Physicians derive approximately one-third of their income from public payers. Among physician specialties deriving more than half of revenues from government sources, incomes vary more than threefold.
Some have argued that certain specialties should receive higher payments than others due to high malpractice insurance costs and the need to purchase expensive medical equipment. This assumption is built into the Medicare RVU payment formula. Yet the income differentials we present reflect net income, i.e., income after all practice expenses are paid. Moreover, the problem of practice expenses applies only to the approximately 60% of physicians who are self-employed; the remainder are employees. Shifting income from specialists to primary care providers might lengthen waits for some specialists’ services, waits which some might view as proof of a specialist shortage. However, regions of the U.S. with greater supply and use of specialist services may actually suffer worse outcomes,22
and no evidence suggests a widespread unmet need for specialist care. Other nations (e.g., Canada) have achieved superior health outcomes 23–24
with far fewer specialists (and more primary care physicians) than in the US.
Certainly longer work hours or additional years of training might justify a higher income. Yet, according to the most recent AMA physician socioeconomic statistics,25
hours in professional activities correlate poorly with income. For example, general internists spend a mean of 58 hours in professional activities per week, while otolaryngologists spend 57 hours and radiologists spend 60 hours. Similarly, while both dermatologists and geriatricians spend a minimum of 4 years in postgraduate training, geriatricians earn less than half of a dermatologist’s income.
Government’s role in creating inter-specialty income discrepancies may actually be larger than indicated by our payment analyses, since many private insurers base their fees on Medicare’s fee schedule.26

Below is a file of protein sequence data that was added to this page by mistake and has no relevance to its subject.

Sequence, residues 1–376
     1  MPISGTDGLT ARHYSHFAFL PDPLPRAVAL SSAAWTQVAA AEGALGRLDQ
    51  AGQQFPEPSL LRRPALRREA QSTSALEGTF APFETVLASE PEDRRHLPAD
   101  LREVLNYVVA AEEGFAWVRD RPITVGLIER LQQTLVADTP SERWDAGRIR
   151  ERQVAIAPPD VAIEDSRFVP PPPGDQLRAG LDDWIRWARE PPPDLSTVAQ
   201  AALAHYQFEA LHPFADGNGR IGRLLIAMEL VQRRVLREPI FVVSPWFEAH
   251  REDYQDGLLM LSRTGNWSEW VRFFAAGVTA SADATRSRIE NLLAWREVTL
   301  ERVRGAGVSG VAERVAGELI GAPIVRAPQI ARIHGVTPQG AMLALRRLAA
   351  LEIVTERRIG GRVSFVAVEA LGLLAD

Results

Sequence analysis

Political barriers to reducing income disparities include specialists’ greater resources for lobbying and disproportionate representation on the AMA’s Specialty Society Relative Value Scale Update Committee (RUC), which advises the Centers for Medicare and Medicaid Services (CMS). Government policy-makers may also perceive, incorrectly, that income inequality is generated by a free market beyond their control.
Even lower-paid US physicians earn far more than the average American, making it difficult to generate a groundswell of public sympathy for the financial plight of primary care doctors. Yet the income inequality between specialists and generalists unbalances the health care system and ultimately puts patients at risk. If fewer medical trainees are attracted to primary care, patients will be left without physicians to coordinate their care and to follow them longitudinally. Of particular concern is the national shortage of geriatricians, the lowest paid specialty. The American Geriatrics Society estimates there are 7,600 certified geriatricians in the U.S. despite a need for approximately 20,000 geriatricians.27
Ironically, Medicare’s priority population, the elderly, is vastly underserved, in part because of Medicare’s own payment policies.
Our study has several limitations. Our estimates of inter-specialty differences in payer-specific income were based solely on outpatient income, as the MEPS does not include data on inpatient physician specialty. The MEPS surveys only non-institutionalized civilians, excluding physician care of nursing home patients (the majority of whom have Medicare and/or Medicaid), and two groups whose care is completely government paid (active duty military personnel and prisoners). Inclusion of these patient groups would have increased our estimate of the government’s share of total physician revenue.
Government could narrow inter-specialty income differentials by aligning billing codes and fee schedules with the amount of time physicians actually spend providing and coordinating care. Such a change might increase the supply of US primary care physicians.
Addressing income inequality within society may lead to better population health outcomes;28
the same may hold true for addressing income inequalities between physicians.